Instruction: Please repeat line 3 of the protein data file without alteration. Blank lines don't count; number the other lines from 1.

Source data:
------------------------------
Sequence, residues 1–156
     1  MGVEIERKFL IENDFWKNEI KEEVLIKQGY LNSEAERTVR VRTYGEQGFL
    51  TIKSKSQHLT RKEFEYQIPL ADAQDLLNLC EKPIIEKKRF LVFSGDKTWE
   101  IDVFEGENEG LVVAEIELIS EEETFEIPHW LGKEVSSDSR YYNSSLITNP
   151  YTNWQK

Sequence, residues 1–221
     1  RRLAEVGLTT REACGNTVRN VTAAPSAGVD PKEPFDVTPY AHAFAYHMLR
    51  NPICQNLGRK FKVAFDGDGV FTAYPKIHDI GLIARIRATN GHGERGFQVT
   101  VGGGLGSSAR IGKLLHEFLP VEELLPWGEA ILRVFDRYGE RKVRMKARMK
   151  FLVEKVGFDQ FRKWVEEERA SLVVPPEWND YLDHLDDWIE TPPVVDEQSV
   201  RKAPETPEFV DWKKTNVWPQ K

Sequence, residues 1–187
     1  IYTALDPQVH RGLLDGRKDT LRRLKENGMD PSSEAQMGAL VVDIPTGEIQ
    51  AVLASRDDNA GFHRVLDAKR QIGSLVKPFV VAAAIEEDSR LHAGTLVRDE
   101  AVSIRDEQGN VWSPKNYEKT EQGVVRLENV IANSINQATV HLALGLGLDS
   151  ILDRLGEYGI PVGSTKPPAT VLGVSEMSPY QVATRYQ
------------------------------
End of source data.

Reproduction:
    51  TIKSKSQHLT RKEFEYQIPL ADAQDLLNLC EKPIIEKKRF LVFSGDKTWE